Beta: How to Quantify Systematic Risk

Updated: Sep 20

Beta can be calculated for individual securities and also entire portfolios. For the first part of this post, we will discuss beta in the context of individual securities.


Beta is a measure of the volatility of a security compared to a benchmark (usually the S&P 500). In other words, beta quantifies how sensitive a security is to systematic risk. Beta is primarily used in the Capital Asset Pricing Model (CAPM), which is used to quantify the return investors should expect for a given security.


Beta Formula










In the above formula, any index can be selected for the benchmark. Although, the S&P 500 is most commonly used.


Explaining Beta

Let's say a security has a beta of 1.0, then when the market increases by 1%, we can expect the security to also increase by 1%, on average. If beta was 2.0, then the security should increase by 2%, on average. If beta was -1.0, then the security should decline by 1% when the market increases by 1%.


A security with a beta less than 1 is said to be theoretically less volatile than the market. This means there is theoretically less risk associated with holding that security, but also potentially less reward. The opposite is true for a security with a beta greater than 1.


Negative beta securities are typically used as hedges. For example, SH is an ETF that tracks the inverse of the S&P 500 index. An investor might hold SH in their portfolio to offset potential declines in the broader market.


Pitfalls

The primary pitfall of beta is that it is a backward-looking metric. In other words, it is calculated using historical data. And of course, we all know that past performance does not guarantee future results. In this sense, a security's future beta could theoretically diverge significantly from its historical beta. Nevertheless, beta is still widely used in finance as it does give a useful way to ballpark a security's sensitivity to systematic risk.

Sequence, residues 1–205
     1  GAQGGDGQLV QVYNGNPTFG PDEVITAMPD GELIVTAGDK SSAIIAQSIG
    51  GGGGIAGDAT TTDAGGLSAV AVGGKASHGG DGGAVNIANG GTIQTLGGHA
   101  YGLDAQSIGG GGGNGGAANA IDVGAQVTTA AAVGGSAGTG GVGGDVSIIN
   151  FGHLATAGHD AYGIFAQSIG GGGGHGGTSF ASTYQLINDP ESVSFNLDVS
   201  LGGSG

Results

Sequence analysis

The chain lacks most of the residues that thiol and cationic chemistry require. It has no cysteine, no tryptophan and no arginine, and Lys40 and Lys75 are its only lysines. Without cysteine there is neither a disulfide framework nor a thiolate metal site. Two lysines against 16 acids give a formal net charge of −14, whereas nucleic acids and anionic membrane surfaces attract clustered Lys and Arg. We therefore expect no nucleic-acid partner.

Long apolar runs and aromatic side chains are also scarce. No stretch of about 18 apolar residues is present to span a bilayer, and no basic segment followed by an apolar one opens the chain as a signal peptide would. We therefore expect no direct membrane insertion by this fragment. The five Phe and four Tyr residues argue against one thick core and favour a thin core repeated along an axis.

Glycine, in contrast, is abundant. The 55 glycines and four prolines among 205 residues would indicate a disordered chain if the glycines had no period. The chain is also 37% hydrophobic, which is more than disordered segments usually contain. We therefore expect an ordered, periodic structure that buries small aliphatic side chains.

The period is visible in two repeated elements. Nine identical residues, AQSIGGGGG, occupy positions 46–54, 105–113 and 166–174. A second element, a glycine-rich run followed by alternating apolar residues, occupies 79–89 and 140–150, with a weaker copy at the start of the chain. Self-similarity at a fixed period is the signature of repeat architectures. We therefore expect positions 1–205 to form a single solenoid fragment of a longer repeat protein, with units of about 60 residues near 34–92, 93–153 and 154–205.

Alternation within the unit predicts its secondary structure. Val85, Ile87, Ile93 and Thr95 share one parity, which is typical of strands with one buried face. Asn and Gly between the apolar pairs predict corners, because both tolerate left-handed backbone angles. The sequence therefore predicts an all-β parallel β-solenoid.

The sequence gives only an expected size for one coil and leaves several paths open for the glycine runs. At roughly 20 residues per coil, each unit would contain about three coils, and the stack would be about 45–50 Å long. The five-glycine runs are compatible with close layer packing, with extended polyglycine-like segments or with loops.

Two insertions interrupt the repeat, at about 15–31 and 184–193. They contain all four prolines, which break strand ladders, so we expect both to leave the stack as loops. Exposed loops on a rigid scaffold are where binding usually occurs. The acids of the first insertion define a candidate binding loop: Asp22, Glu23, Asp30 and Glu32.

Portfolio Beta

Beta can also be calculated for an entire portfolio. You would use the same formula, but substitute the returns of your portfolio for the returns of an individual security. Just like individual securities, portfolios can be more or less volatile than a benchmark.


So What?

The bottom line is that beta is an important metric to take into consideration when managing your portfolio's volatility.


If your portfolio beta is too high, you can take steps to reduce it. The simplest way would be to hold more cash. Cash has a beta of 0, therefore, holding more cash will reduce your overall portfolio beta. You can also swap some of your high beta holdings for securities with lower betas. There are also more sophisticated strategies (which we won't get into in this article), such as shorting and options, both of which can be used to offset your overall portfolio beta. But beware that these strategies will introduce other kinds of risk into your portfolio.


On the other hand, if you find your portfolio beta to be too low, the opposite of the above applies.

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